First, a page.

After we got home we took a look at our backyard and roughly decided where they should go. Here is a picture looking to the right and then the left from the back porch.

Now you know what we have to work with. I would love to post the plant map that Mr. House drew now, BUT we don't have our scanner up yet so that will have to wait. Next Mr. House dug a big hole while I attempted to pull weeds and hoe the ground in that back planting bed.

Mr. House worked hard diggin that hole! Here he is taking a much needed break sittin in his hole.

The reason why Mr. House dug the hole so deep and big was to A. add fortified dirt around the roots and B. implant a drainage pipe so as to better water the tree. We put the pipe in its place and then filled it with rocks from our front flower beds for drainage.

Here is Mr. House with the tree all ready to move into its new home!

After we filled in with dirt and mulch on top, Mr. House secured it to stakes with spare painters rags (hey it's what we have on hand!) and I supervised.

There was this cement strip that separates that far bed from the rest of the grass that was kind of awkward, so we decided to use those wavy brick trim pieces all along the cement and build up the bed by a few inches. We have a bunch of the brick things in the yard, I think enough to finish the whole span along the fence. I think it creates a much needed definition between the two spaces. So here is the finished product with just a part of what the new wall will look like.

It got dark before we had time to plant the fig so we planted that the next day. Now we need to find one more tree, perhaps a plum tree, to go along the back fence.

Tuesday, April 21, 2009

welcome into our home internets!

We are now online. Which allows me the opportunity to post this picture of what we looked like cooking dinner tonight!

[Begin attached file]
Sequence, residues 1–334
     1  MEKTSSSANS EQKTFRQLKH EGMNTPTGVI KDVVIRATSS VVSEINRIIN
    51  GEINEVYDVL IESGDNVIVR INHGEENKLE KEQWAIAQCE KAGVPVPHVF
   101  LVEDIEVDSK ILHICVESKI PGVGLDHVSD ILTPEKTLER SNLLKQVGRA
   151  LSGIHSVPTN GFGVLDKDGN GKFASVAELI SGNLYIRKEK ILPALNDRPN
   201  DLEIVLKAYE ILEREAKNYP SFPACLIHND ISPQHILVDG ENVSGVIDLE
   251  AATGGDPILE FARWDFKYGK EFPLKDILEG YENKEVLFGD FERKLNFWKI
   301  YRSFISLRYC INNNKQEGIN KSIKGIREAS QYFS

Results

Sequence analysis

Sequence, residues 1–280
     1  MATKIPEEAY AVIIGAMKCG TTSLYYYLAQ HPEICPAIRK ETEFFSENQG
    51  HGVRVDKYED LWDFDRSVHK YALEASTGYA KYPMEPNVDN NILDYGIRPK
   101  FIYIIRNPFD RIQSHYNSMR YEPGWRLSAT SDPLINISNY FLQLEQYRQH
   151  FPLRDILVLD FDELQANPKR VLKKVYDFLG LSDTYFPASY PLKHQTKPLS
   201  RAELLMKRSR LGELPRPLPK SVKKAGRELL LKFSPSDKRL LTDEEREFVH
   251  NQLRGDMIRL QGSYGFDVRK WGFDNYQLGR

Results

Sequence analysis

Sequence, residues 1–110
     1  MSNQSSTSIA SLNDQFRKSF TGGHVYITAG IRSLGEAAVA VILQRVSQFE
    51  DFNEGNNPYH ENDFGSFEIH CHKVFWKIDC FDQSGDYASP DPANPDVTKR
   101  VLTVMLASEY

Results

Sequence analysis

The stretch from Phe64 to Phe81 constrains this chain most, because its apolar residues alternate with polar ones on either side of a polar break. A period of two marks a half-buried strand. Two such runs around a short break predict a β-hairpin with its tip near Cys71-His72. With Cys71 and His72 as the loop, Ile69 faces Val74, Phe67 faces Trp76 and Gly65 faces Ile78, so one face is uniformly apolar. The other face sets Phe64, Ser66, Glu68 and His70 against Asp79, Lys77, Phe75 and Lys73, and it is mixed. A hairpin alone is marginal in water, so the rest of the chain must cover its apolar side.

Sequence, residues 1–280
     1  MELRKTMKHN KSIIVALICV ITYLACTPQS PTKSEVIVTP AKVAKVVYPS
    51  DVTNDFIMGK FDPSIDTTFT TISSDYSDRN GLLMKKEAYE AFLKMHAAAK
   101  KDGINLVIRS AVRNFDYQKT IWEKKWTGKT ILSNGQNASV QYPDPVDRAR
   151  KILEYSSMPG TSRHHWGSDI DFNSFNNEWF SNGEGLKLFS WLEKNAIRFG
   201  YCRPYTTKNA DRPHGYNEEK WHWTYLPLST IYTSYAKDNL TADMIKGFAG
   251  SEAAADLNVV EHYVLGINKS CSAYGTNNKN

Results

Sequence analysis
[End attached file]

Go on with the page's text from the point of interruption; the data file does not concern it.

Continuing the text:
Just kidding. That pic was stolen from, one of our favorite websites! More pictures and content to come!

Modern conveniences

Moving always reveals your deep dark secrets. You find things that you forgot you had, hidden away in drawers, the back of a closet, beneath the pile of laundry. It also can bring out the side of yourself that you try to keep hidden, the mean, anal-retentive side. The side that gets annoyed when things aren't packed a certain way or dusted before they are moved.

Anyway back to the subject...

There are so many things that we have that we don't need. Of this list of unnecessary things there are items that I love, and items I wish I could get rid of. On the list of things that I love are small kitchen appliances. Because of the size of our old kitchen, many of these little treasures were hidden away so deep that I forgot we had them. OR I knew we had them, but it was such a bother to dig it out, use it, clean it and put it back that they rarely were used. As I was packing up I compiled a list of all the small appliances and vowed to use them in the new house. But for many of them, I'm just not sure what to even do with them. So I am asking you all for advice! Below is my list of small appliances with their past frequency of use. Please leave your ideas about how we should use them in the comments. I would also appreciate off-the-wall ideas (if you only knew how seriously I am thinking about using my blender as a door stop . . . ) Maybe when we get around to using some of the ideas I will post the results!

  1. Toaster - Frequency: Often
  2. Mini Food Processor - Frequency: Often/Occasionally
  3. Panini Griddler - Frequency: Occasionally/Rarely
  4. Stand Mixer - Frequency: Occasionally/Rarely
  5. Crockpot - Frequency: Rarely
  6. Electric Fondue Pot - Frequency: Rarely
  7. Sandwich Press - Frequency: Rarely
  8. Frother - Frequency: Rarely/Never